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Eating out in Paris

9 replies

Lonelythisxmas · 19/01/2020 22:54

I’ve heard you can get really stung in Paris for food so was wondering if anyone had any tips for reasonably priced restaurants? Staying not far from Jardin de Luxembourg (5th arr.)

TIA

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Pippapotomus · 20/01/2020 19:23

The places closest to all the sights will be more expensive. DS managed to order the worlds most expensive ice cream when we stopped for a drink across the river from the Louvre. 15E for 1 scoop!

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Gertrudesgarden · 20/01/2020 19:26

I can't help as I was last in Paris in the 80's, but oh how jealous I am of you! We were students and lived off crepes from a van....

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bellabelly · 20/01/2020 19:30

One place I really like is called Bouillon Racine. Not been for a long time but I really liked it. link here

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bellabelly · 20/01/2020 19:33

Also, have a quick look at the menu and price list outside cafes and restaurants before you go in. Lots of places do good deals with a prix fixed menu, so a two or three course lunch can be much more reasonable than ordering a la carte.

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j712adrian · 20/01/2020 19:34

Chartier

Le Procope

Au Bon Couscous

... all open for years, a good sign, and all on the web.

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NowWhereWasI · 20/01/2020 19:35

Try a restaurant called Bouchon Chartier it is a chain. You do not book just turn up. The menu changes daily and the food is reasonably priced. Beware the queues can get very long though!

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CherryPavlova · 20/01/2020 19:37

August’s on Rue de Bourgogne (Not cheap but lovely)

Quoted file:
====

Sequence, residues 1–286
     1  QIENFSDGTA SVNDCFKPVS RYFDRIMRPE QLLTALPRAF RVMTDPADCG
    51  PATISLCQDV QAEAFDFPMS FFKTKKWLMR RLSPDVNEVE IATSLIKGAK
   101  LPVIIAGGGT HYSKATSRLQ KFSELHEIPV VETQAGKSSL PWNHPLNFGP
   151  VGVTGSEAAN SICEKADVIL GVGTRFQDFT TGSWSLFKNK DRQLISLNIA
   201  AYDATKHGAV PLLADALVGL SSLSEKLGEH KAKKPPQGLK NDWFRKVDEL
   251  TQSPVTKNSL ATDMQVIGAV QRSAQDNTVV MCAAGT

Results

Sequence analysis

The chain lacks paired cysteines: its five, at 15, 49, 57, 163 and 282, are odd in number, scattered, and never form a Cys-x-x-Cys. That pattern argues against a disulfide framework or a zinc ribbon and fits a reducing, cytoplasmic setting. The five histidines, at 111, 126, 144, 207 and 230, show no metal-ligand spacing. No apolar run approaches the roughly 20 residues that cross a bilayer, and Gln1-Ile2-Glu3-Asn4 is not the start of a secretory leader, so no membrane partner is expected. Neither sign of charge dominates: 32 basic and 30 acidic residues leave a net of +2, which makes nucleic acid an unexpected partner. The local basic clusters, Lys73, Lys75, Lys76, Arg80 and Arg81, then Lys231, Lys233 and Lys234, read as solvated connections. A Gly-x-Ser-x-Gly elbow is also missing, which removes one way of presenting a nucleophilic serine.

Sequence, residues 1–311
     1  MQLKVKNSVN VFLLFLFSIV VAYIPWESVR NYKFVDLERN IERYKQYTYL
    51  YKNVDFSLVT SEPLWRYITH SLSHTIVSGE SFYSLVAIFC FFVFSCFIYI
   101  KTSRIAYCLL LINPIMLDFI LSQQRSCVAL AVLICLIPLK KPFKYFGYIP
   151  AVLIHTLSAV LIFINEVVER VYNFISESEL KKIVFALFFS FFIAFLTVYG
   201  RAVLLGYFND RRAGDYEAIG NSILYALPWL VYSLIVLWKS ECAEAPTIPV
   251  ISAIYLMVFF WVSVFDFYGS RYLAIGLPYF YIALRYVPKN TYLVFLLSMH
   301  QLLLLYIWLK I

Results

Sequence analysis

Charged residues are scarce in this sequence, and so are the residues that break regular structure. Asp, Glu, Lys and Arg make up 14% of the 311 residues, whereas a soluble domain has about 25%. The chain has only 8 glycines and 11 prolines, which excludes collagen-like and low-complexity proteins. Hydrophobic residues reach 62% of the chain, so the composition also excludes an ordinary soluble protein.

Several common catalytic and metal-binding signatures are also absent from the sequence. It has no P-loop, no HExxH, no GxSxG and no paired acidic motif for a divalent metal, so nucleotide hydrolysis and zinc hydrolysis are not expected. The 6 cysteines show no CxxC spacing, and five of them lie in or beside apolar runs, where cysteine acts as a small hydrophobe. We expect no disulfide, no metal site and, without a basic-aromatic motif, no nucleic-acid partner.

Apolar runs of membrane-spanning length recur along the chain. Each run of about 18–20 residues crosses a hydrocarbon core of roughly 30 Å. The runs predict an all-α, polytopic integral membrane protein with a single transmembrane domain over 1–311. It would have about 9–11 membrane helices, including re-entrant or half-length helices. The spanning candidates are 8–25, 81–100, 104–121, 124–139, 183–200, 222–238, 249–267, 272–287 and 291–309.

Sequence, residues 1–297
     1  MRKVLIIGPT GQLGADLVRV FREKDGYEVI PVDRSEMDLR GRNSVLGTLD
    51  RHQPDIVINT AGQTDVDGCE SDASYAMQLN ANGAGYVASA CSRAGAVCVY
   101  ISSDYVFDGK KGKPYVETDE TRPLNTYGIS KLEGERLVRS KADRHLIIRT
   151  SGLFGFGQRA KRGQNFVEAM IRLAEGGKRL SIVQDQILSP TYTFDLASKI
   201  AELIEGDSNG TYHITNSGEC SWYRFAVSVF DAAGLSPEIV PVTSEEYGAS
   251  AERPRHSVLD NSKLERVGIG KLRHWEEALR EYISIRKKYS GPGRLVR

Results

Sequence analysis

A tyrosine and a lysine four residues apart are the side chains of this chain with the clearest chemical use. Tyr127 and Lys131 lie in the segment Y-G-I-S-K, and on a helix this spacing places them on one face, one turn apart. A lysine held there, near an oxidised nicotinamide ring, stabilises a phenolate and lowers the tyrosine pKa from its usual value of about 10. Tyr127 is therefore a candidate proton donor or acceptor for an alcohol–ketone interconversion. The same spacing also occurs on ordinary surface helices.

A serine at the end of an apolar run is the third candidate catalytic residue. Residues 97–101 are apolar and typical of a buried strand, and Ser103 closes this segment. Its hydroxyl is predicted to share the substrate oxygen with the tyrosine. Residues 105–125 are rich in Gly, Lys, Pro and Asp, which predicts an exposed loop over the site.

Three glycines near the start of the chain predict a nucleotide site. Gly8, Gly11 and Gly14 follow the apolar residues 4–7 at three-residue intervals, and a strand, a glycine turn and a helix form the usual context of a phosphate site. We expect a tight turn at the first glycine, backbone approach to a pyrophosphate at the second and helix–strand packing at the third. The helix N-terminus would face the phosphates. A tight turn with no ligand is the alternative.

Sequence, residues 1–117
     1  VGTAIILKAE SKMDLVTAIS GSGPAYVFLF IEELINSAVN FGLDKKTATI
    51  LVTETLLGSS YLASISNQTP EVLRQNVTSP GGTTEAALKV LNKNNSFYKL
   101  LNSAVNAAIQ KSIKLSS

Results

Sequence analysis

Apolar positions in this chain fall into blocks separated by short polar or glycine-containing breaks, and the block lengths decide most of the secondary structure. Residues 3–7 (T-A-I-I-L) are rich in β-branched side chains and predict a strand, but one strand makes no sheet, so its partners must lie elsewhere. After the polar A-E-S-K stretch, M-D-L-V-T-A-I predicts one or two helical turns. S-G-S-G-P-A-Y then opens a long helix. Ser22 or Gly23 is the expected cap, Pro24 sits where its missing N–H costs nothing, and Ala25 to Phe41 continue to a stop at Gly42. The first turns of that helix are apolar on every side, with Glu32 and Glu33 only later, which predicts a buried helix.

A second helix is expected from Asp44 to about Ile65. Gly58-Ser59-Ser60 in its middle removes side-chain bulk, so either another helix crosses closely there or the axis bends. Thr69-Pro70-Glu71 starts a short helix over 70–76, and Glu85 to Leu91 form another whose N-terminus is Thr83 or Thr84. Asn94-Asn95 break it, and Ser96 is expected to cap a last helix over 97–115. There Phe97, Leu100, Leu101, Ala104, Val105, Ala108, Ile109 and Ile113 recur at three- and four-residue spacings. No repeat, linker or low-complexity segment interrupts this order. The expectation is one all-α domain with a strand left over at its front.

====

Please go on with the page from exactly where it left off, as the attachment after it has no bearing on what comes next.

Zia on avenue de Tourville, is cheaper.
L’Arpege on rue de Varenne,

If you cross the river into the 7th there are more reasonably priced places around the Rue du Bac.

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Ricekrispie22 · 20/01/2020 19:48

Most restaurants have good-value lunch menus and it’s perfectly acceptable to order just two courses or to share a dessert. Paris tap water is free and perfectly drinkable (ask for a carafe d’eau), bread is always provided free, and service is always included in the bill, so it’s not necessary to tip (and most French don’t) unless you really want to.
Unless you are a wine snob or someone who can tell the difference between every vintage, house wine is the way to go in France. A pitcher or carafe of wine is always cheaper than a bottle.
Creperies, on the whole, are an affordable way to eat out. Breizh Cafe is my favourite, although not particularly budget as crêperies go, it’s streets ahead of the competition in terms of quality.

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Xiaoxiong · 20/01/2020 20:19

Bistro Ernest on Rue du Seine is a lovely tiny local place

start your evening at La Robe et La Mousse or L'Avant Comptoir de la mer, both on le Carrefour de l'Odéon

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